“How could people be so bad that make me feel so good?” That is the rhetorical question posed by white DJ Huey Calhoun, a 9th-grade dropout with an eccentric style, a profound passion for black R&B music, and a mission to have it heard and loved by everyone, everywhere. Set in the segregationist south in the 1950s, Memphis, the Tony Award-winning musical by David Bryan (music and lyrics) and Joe DiPietro (lyrics and book) – based on a concept by George W. George, and inspired in part by the life of Dewey Phillips, a real-life Tennessee disc jockey who was one of the first to introduce black music to white audiences – contains an ebullient message on the power of music to ignite our souls, to create socio-cultural appreciation, understanding, empathy, and love, and to unify people of different races, long separated in our country by an unfathomable history of hatred, oppression, and violence. Ritz Theatre Company’s top-notch production delivers that message loud and clear, with compelling direction, a red-hot cast, exuberant song and dance, and an eye-popping design.
Director Bruce A. Curless strikes an effective balance between the infectious upbeat mood of the music that gave birth to rock-and-roll and the ugly reality of racial prejudice and brutality that challenge Huey’s relationship with Felicia Farrell, a gifted young black singer he meets at her brother Delray’s underground club. Matt Reher as Huey and Vedra Chandler as Felicia lead an exceptional multi-talented company of singers/dancers/actors, backed by a live four-piece band composed of Music Director Lawrence Farmer on keyboard, Sam Davis Jr. on bass, Harry Wilson on guitar, and Derrick Banks on drums.
Reher is irresistible as the irrepressible rebel (“Crazy Little Huey”), determined to forge ahead with his cause, making up words to express his emotions (“Hockadoo!”), and charming his growing followers with his untempered candor and unrestrained love for the music he promotes and the woman who sings it. Chandler is believably pragmatic and strong, and clearly destined for stardom, with her spectacular voice and her personal savvy (“Colored Woman” and “Someday”). Both are fully committed to their roles, convincing in their chemistry, and heartrending in the decisions they must make (“Love Will Stand” and “Memphis Lives in Me”).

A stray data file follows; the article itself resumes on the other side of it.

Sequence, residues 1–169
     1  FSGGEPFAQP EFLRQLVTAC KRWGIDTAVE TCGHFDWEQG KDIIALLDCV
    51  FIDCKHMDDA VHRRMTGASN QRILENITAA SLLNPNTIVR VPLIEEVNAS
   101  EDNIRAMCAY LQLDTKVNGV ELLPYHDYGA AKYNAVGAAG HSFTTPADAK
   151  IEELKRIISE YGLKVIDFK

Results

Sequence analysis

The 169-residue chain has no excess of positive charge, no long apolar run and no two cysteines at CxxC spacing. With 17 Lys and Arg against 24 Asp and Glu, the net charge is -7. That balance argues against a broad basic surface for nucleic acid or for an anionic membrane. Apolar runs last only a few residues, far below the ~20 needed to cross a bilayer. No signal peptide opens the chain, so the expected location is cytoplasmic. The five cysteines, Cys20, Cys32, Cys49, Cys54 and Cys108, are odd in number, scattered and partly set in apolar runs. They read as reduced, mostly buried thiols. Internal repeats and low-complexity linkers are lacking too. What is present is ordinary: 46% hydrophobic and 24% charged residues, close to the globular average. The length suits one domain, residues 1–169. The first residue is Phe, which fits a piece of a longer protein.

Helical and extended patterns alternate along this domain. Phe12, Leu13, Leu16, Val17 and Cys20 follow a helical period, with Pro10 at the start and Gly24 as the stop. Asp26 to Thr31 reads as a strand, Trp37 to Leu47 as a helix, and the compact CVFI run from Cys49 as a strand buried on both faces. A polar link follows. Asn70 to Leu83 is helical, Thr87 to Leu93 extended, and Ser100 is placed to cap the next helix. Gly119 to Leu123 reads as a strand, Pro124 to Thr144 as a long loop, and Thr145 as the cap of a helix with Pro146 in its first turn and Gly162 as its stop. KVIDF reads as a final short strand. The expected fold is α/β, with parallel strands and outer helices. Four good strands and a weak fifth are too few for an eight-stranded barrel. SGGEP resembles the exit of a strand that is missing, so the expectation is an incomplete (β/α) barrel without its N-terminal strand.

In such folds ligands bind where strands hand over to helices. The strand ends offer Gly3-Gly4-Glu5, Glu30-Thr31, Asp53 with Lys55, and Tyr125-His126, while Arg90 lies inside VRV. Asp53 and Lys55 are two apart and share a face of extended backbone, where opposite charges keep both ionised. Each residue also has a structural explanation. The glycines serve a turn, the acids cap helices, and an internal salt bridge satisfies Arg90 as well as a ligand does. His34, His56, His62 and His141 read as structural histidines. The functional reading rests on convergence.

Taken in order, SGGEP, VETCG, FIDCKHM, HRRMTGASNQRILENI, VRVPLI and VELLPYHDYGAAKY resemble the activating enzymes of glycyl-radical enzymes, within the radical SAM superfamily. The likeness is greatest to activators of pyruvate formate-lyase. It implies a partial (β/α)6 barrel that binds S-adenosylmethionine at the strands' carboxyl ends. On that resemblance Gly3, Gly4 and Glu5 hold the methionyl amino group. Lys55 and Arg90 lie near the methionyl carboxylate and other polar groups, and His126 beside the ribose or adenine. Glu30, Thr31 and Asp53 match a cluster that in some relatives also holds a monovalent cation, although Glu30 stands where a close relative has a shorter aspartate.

A terrific company provides dynamic support for the leads, from the show’s exhilarating opening with “Underground” and Act I’s “Everybody Wants To Be Black” to the lively closing number “Steal Your Rock N’ Roll,” with jubilant harmonies under the vocal direction of Benita Farmer, expert sound design by Matthew Gallagher, and high-energy dancing in the style of the times, choreographed by Arthur Leo Taylor. Among the outstanding featured players are Darryl Thompson Jr. as the protective Delray, whose deep concern for his sister is palpable; Andrew Thompson as Gator, traumatized as a child, but who finds his voice again with the increasing acceptance and popularity of the music; Tasha Waters as Huey’s prejudiced mother, who recognizes that “Change Don’t Come Easy”; and Devon Sinclair as the hilariously understated janitor Bobby, who makes subtle jibes under his breath at the radio station, and then explodes before the TV cameras with high jumps, wide splits, and “Big Love” (the limber long-limbed Sinclair also serves as Dance Captain). Each and every member of the ensemble contributes strong vocals, agile moves, and solid characterizations to the show, with not a weak link among them.
W. Kris Clayton’s set, which Curless uses to full effect, smoothly switches from the club, radio and TV stations, to the streets of Memphis and Huey’s kitchen, with the efficient movement of a brick wall that reverses to a DJ booth. Colorful costumes by Tina Marie Heinz and lighting by Chris Miller add to the visual excitement of the show.
Though the resolutions of the racial tensions of the plot come much more quickly and easily than in our true history, Memphis is an optimistic and uplifting musical that underscores the value of keeping a song in your heart—a moral that is well sung and enthusiastically presented in Ritz Theatre Company’s excellent production.
Running Time: Approximately two hours and 30 minutes, with one intermission.